This was an e-mail forward that the Hubby forwarded on to me. I think it's a sweet story and also reminds us not to take our jobs and our interactions with other people for granted. You never know which little blip in your daily routine will really affect someone's life!!!

Here goes:

I am a cabbie, and one day, I was called to pick up a woman at her apartment. I walked to the door and knocked.

'Just a minute', answered a frail voice. I could hear something being dragged across the floor. After a long pause, the door opened.

A small elderly woman in her 90s stood before me. She was wearing a print dress and a pillbox hat with a veil pinned on it, like somebody out of a 1940s movie. By her side was a small nylon suitcase. The apartment looked as if no one had lived in it for years. All the furniture was covered with sheets. There were no clocks on the walls, no knickknacks or utensils on the counters. In the corner was a cardboard box filled with photos and glassware.
'Would you carry my bag out to the car?' she said.
I took the suitcase to the cab, then returned to assist the woman.
She took my arm and we walked slowly toward the curb.
She kept thanking me for my kindness.
'It's nothing', I told her. 'I just try to treat my passengers the way I would want my mother treated.'
'Oh, you're such a good boy', she said.

When we got in the cab, she gave me an address, and then asked, 'Could you drive through downtown?'
'It's not the shortest way,' I answered quickly.
'Oh, I don't mind,' she said. 'I'm in no hurry. I'm on my way to a hospice.'
I looked in the rear-view mirror. Her eyes were glistening.
'I don't have any family left,' she continued. 'The doctor says I don't have very long.'
I quietly reached over and shut off the meter. 'What route would you like me to take?' I asked.
For the next two hours, we drove through the city. She showed me the building where she had once worked as an elevator operator. We drove through the neighborhood where she and her husband had lived when they were newlyweds. She had me pull up in front of a furniture warehouse that had once been a ballroom where she had gone dancing as a girl. Sometimes she'd ask me to slow in front of a particular building or corner and would sit staring into the darkness, saying nothing.

As the first hint of sun was creasing the horizon, she suddenly said, 'I'm tired. Let's go now.'
We drove in silence to the address she had given me. It was a low building, like a small convalescent home, with a driveway that passed under a portico.
Two orderlies came out to the cab as soon as we pulled up. They were solicitous and intent, watching her every move. They must have been expecting her.
I opened the trunk and took the small suitcase to the door. The woman was already seated in a wheelchair.
'How much do I owe you?' she asked, reaching into her purse.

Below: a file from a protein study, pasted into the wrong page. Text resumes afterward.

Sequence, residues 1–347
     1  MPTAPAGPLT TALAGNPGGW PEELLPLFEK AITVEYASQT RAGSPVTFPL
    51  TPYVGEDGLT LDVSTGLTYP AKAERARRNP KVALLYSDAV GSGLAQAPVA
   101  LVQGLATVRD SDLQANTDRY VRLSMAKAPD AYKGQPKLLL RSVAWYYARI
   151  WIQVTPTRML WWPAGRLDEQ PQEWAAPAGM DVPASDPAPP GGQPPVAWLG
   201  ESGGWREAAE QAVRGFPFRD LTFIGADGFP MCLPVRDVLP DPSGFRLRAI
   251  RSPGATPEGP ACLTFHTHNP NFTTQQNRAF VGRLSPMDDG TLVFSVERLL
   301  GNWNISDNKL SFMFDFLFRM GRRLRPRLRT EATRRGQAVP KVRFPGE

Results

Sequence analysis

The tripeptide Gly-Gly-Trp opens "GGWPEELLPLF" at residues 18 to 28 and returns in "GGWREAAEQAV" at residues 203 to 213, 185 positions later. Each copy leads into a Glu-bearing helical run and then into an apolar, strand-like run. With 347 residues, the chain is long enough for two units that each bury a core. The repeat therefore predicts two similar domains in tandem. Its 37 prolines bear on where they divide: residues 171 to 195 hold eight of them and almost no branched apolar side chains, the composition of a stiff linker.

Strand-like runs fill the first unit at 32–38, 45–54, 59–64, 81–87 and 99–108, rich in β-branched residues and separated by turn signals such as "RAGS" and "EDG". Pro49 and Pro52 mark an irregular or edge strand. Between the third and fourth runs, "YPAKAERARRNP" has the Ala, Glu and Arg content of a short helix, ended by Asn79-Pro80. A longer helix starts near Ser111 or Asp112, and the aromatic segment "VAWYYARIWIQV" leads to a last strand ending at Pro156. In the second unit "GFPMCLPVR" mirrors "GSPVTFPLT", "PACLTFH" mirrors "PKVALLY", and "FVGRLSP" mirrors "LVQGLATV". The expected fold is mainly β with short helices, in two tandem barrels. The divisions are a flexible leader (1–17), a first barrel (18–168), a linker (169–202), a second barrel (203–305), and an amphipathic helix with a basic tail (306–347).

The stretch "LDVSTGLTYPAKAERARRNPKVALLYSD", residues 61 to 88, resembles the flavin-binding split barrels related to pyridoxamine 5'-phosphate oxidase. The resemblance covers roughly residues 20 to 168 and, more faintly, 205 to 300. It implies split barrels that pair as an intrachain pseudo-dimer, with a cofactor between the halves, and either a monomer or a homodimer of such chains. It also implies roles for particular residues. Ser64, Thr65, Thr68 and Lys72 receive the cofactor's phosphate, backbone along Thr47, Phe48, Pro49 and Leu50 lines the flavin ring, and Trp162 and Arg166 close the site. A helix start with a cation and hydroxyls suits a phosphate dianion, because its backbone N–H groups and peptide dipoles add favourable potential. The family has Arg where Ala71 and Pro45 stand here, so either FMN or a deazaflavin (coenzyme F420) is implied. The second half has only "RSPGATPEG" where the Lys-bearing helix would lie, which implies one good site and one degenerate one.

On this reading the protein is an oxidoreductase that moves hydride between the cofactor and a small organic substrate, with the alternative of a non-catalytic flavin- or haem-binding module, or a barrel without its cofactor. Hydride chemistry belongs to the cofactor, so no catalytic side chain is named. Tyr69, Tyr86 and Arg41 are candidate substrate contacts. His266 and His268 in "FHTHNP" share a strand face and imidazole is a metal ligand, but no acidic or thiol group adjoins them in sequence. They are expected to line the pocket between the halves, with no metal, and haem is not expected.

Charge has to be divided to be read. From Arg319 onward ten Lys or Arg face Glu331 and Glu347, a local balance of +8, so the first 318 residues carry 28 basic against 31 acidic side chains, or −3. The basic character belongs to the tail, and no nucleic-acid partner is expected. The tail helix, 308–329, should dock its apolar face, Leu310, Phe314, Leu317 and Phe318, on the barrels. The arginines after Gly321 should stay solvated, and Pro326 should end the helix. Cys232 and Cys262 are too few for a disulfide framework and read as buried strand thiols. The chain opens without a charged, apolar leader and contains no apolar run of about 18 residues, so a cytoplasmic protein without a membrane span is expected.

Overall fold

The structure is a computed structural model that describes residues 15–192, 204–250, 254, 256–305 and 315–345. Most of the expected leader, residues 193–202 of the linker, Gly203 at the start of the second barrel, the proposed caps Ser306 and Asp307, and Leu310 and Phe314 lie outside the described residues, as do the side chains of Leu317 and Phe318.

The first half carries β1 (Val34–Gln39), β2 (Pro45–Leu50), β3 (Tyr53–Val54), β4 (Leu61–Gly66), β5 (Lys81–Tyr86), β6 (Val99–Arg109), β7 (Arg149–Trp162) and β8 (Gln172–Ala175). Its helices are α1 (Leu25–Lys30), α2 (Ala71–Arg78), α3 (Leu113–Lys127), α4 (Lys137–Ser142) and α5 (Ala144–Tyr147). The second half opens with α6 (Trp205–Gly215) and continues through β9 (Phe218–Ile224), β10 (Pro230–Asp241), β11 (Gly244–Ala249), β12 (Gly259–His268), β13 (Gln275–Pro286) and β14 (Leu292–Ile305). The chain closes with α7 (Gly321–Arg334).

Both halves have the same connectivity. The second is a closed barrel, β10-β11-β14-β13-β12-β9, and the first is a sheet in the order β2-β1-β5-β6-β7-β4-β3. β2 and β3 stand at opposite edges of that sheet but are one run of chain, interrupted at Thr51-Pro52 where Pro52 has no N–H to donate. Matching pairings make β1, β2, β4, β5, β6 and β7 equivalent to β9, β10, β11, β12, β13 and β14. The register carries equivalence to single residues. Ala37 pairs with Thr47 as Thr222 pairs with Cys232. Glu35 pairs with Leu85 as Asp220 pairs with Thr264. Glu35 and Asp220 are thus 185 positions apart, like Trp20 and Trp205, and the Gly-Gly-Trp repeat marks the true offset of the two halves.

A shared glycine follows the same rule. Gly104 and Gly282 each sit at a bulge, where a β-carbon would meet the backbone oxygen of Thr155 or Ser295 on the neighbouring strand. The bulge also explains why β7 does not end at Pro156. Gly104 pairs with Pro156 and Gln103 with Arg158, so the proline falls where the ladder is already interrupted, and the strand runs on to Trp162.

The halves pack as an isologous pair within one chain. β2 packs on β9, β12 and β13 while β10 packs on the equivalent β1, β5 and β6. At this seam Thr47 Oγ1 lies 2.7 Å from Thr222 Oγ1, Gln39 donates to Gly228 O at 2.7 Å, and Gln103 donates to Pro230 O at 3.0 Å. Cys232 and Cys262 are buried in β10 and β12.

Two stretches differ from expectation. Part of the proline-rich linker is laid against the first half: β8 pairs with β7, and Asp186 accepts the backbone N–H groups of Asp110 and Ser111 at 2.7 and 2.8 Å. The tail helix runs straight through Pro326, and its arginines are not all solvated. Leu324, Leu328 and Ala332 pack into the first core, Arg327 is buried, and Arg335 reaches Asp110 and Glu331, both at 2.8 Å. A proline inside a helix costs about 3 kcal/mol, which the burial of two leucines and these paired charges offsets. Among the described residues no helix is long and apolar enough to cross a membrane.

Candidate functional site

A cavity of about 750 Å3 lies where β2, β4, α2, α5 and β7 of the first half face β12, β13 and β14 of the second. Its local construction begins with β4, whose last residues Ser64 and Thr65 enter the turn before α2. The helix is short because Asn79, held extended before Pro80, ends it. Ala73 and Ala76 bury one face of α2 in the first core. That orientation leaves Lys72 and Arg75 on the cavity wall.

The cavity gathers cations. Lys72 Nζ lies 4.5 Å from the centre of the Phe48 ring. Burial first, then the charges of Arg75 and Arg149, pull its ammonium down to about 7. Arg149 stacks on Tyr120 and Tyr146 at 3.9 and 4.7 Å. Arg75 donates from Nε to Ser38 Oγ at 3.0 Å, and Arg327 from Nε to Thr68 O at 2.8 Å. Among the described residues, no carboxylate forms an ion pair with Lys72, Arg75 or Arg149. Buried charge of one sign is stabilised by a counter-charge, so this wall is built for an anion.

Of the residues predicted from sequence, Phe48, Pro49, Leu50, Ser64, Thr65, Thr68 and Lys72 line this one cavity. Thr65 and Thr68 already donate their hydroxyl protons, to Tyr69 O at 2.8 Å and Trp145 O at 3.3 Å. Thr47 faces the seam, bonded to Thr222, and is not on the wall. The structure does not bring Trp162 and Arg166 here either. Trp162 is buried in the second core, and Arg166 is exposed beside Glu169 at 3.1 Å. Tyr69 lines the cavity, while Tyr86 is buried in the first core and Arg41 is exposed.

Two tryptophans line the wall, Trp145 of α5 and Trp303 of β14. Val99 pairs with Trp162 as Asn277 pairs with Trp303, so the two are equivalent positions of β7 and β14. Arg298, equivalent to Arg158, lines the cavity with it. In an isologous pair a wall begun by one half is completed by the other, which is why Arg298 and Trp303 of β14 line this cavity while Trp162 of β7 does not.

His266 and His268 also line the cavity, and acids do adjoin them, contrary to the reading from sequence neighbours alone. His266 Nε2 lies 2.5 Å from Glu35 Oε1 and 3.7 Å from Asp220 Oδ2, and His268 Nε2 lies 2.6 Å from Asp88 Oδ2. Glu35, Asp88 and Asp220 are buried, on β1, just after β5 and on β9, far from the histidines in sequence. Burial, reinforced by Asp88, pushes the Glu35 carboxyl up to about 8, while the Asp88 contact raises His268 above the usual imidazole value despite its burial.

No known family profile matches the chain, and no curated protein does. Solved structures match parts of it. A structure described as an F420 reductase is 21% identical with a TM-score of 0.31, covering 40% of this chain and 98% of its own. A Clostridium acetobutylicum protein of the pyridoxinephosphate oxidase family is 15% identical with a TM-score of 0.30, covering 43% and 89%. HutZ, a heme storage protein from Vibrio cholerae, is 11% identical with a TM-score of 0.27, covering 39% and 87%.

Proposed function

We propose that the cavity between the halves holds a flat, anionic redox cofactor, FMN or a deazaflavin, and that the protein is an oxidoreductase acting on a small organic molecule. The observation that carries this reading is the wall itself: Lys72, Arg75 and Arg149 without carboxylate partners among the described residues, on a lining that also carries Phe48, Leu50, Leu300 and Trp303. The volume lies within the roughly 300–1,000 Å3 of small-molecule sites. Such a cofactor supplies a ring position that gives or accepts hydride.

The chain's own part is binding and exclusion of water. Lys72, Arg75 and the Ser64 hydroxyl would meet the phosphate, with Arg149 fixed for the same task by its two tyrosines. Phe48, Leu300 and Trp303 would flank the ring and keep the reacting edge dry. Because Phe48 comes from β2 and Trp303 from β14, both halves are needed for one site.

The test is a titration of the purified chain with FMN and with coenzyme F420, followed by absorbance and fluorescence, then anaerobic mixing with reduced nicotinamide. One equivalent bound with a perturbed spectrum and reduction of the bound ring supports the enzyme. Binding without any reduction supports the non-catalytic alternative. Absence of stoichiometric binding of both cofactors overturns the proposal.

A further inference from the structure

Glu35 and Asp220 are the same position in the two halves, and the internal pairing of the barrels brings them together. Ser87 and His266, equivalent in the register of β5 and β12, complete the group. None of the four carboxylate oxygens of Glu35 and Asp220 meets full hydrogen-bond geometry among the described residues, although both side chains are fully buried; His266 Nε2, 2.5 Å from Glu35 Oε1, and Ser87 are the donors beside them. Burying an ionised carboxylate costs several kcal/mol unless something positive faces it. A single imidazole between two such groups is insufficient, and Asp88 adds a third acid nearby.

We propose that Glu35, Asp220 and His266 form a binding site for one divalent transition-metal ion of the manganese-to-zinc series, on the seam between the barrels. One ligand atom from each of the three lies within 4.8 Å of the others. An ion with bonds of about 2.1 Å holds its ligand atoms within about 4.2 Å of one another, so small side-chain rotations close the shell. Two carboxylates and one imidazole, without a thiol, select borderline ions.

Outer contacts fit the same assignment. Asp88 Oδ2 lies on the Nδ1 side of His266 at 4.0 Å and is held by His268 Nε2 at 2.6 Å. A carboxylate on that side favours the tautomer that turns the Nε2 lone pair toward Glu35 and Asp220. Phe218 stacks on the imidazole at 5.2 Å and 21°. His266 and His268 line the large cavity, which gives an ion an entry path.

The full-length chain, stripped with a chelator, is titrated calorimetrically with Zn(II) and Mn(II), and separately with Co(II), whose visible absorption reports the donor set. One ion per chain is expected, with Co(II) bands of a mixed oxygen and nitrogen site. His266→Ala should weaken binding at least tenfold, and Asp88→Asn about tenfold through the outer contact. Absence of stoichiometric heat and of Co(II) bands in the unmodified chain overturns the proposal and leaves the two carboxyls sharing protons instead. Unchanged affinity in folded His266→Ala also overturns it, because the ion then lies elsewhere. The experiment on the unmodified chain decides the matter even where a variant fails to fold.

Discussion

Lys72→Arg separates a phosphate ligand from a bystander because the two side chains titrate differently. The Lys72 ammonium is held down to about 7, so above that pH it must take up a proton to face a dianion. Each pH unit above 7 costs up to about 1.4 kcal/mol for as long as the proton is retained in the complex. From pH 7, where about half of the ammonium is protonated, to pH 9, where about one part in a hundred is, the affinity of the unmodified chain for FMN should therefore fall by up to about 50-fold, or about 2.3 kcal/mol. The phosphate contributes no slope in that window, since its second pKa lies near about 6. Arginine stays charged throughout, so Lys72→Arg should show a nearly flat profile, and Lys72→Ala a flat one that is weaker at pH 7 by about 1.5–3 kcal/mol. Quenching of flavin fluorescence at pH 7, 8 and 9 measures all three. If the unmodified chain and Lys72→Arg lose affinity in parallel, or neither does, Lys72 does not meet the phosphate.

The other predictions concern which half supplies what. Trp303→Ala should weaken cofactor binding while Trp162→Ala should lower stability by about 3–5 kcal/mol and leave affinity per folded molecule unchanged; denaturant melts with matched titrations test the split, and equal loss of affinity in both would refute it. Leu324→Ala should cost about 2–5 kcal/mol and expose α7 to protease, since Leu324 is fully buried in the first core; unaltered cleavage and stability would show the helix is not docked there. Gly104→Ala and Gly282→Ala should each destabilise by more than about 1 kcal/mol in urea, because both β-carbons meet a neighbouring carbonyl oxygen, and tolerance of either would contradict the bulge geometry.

'Nothing,' I said.
'You have to make a living,' she answered.
'There are other passengers,' I responded.
Almost without thinking, I bent and gave her a hug. She held onto me tightly. 'You gave an old woman a little moment of joy,' she said. 'Thank you.'
I squeezed her hand, and then walked into the dim morning light.
Behind me, a door shut. It was the sound of the closing of a life.

I didn't pick up any more passengers that shift. I drove aimlessly lost in thought. For the rest of that day, I could hardly talk. What if that woman had gotten an angry driver, or one who was impatient to end his shift? What if I had refused to take the run, or had honked once, then driven away?
On a quick review, I don't think that I have done anything more important in my life.
We're conditioned to think that our lives revolve around great moments. But great moments often catch us unaware - beautifully wrapped in what others may consider a small one.

You won't get any big surprise in 10 days if you send this to ten people. But, you might help make the world a little kinder and more compassionate by sending it on.
Thank you, my friend...
Life may not be the party we hoped for, but while we are here, we might as well dance.



This weekend, we went to the wedding of one of the Hubby's college friends.  It was at the Naval Chapel in Annapolis (no, the friend didn't attend the Naval Academy, nor did my hubby).

It was very pretty inside.

To get from the chapel to the restaurant, the guests took two school buses.  We don't remember this middle kit being on our own buses growing up.  Kids today!!!

What's up with this?!


'Worst book i've ever read. biggest waste of time.'

I recently discovered a goldmine of reviews of my book that I previously didn't realize existed. I mean, I knew about the site and had friends on it, but I didn't realize there were like 26 capsule reviews of my book on there.

OK, maybe authors shouldn't narcissitically look at these -- but it's fun. Most of them are really positive, and then there is the one above, which is fine too.  My book's not to everyone's taste, but I'm glad so many people read it.

Anyway, I can see it being the worst book she ever read...but come on, biggest waste of time?! Has she ever watched The Girls Next Door?

UPDATE:  Two different people e-mailed me to ask why someone would read it or finish it if they thought it was the worst book ever.  Well, maybe she was curious to see what would happen, even if she hated it, or maybe she really didn't finish it and read enough to know it sucked.  I'm really, really, not offended!  Some liked it, some didn't.  If she said she met me personally and thought I was an evil person, THEN I would be offended.